According to the Employment (Sexual Harassment) Regulations of Uganda, sexual harassment in employment means a direct or implicit request to an employee for sexual intercourse, sexual contact, or any other form of sexual activity. In other words, sexual harassment refers to any verbal or physical act with a sexual nature, performed in recruitment or in the workplace by a boss; manager, colleague, customer that; is unwelcomed by the person receiving it and has caused the person to feel violated, insulted, and being in an unbearable hostile environment. Sexual harassment is bullying. The key word is it is unwanted.
Sexual harassment is an offence, and a perpetrator is liable on conviction to a fine not exceeding six currency points or imprisonment not exceeding three months or both. It is imperative to note that sexual harassment at workplaces happens to both the men and women, but statistics show that 81 percent of women and 43 percent of men face harassment; women face twice as much harassment in the workplace and in all other places.
Typically, sexual harassment happens in schools, in community, institutions of learning, at workplaces. Sexual harassment happens in two major ways; there is the quid pro-quo harassment; which occurs in the workplace and involves something for something demands. For example, a boss asking his or her subordinate or employee for unwanted sexual favor’s in return for a promotion. This is what sexual harassment at workplaces mainly entails. There is also hostile environment; where one makes sexual or dirty jokes, comments on physical attributes, spreading rumor’s about or rating others as to sexual activity poor performance, talking about one’s sexual activity in front of others, explicit drawings, writing material.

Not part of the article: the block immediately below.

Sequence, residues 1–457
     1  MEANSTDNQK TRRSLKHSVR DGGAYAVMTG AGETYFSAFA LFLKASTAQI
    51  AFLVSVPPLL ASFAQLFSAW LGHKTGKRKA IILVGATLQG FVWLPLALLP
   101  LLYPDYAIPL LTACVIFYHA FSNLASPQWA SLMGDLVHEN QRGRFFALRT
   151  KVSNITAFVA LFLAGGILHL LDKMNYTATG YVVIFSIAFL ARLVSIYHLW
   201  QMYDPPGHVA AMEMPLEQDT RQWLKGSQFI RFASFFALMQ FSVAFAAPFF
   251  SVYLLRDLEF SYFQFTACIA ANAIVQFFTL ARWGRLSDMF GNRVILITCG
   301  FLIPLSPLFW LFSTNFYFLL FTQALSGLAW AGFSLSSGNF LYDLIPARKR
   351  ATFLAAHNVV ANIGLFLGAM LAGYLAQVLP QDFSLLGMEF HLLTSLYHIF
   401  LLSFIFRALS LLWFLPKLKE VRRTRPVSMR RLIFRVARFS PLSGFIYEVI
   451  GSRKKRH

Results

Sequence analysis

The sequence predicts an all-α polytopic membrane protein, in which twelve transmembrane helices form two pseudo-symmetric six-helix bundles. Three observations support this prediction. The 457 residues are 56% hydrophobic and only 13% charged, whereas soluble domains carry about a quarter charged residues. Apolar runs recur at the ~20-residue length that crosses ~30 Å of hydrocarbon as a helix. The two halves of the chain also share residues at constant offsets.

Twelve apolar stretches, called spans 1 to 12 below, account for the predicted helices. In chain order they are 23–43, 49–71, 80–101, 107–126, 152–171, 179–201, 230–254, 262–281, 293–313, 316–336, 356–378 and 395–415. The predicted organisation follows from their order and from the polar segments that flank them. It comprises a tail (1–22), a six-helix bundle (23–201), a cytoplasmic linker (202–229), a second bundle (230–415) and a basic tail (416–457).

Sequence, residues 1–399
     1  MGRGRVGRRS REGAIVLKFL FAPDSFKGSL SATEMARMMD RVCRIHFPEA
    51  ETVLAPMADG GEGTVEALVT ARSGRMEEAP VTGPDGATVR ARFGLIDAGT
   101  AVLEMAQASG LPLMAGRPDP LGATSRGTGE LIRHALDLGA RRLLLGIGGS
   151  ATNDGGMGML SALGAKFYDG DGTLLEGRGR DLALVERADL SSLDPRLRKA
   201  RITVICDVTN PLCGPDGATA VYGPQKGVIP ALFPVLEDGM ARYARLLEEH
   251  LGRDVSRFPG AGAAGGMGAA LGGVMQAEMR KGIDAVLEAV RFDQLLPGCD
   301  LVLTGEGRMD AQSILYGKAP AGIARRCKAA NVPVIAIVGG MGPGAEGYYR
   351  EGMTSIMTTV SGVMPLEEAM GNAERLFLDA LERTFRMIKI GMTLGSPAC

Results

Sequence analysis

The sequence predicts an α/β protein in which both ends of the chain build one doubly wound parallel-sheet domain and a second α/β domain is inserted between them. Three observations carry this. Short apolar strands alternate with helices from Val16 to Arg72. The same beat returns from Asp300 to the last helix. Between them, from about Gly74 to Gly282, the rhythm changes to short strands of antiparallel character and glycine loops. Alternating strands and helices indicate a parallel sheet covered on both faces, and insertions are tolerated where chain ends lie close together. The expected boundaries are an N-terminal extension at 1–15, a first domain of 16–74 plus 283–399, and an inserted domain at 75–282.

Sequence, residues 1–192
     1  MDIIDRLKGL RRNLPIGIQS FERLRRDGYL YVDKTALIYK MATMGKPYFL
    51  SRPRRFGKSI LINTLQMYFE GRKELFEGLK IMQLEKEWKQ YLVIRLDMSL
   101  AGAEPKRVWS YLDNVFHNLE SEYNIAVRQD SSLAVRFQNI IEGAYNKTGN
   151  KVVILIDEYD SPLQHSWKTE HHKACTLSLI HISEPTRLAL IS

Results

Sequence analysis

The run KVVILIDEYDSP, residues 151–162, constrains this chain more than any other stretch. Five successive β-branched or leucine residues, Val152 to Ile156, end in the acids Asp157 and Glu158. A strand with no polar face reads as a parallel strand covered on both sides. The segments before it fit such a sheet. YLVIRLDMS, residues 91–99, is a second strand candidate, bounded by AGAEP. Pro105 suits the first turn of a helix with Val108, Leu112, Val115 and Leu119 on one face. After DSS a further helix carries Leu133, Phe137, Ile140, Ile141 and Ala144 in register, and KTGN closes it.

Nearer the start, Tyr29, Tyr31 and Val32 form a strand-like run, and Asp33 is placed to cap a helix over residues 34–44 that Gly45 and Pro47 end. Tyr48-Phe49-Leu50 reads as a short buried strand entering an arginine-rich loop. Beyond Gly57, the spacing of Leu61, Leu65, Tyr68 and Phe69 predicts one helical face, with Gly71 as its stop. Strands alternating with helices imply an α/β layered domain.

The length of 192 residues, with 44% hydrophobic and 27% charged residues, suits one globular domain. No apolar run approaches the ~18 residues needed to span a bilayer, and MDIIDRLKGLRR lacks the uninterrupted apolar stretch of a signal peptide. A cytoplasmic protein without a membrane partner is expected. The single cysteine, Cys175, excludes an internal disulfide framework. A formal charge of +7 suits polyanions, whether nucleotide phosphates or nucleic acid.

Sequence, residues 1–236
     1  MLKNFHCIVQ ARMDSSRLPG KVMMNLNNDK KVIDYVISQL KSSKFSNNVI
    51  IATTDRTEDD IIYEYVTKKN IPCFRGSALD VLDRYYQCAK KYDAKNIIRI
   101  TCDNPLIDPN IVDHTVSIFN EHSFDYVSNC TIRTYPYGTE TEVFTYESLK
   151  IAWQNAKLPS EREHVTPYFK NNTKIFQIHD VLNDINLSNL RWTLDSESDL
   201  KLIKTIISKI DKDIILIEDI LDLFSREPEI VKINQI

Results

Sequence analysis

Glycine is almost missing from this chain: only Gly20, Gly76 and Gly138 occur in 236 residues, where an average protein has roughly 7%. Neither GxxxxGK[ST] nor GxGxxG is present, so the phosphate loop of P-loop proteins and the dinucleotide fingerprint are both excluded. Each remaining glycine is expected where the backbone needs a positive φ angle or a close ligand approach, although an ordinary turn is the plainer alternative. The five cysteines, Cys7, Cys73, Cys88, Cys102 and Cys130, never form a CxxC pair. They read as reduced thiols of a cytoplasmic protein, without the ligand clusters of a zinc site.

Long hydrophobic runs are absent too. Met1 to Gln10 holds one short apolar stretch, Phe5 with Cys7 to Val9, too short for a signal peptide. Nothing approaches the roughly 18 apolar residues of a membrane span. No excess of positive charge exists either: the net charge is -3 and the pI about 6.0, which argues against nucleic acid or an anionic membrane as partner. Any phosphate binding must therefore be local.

Sexual harassment at work exists in many other forms; to mention but a few, subtle or unwelcome flirting, requests, pressure for intimacy. The forcing of sexual attention especially if in power. The attempt to push a person from refusing. Narrating inappropriate stories or jokes which are clearly making a person/people uncomfortable. Asking for or giving inappropriate intimate information. Leering at someone’s body. Rude and demeaning gender-based comments. Pictures/pinups of an inappropriate nature. Personal comments/jokes about appearance. Sexual threats. Cyber harassment.
Power dynamics are usually at the heart of sexual harassment at workplaces. People in positions of power tend to take advantage of their juniors.
Sexual harassment also happens in the informal sector. This is something that is talked about less today. We see so much sexual harassment happening in homes to the house helps, and in marketplaces and all these are workplaces. It is also imperative to note that sexual harassment happens to sex workers as well during their work.
Today, there are several conventions that have not been ratified in Uganda and this greatly affects the country in its fight against sexual harassment. Evidence indicates that domestic violence workers face significant risks of violence and harassment. The adoption of the ILO Domestic Workers Convention (№189) and Recommendation (№201), 2011, was a major landmark resulting in extending organizing and bargaining rights for a largely female-dominated sector in many countries.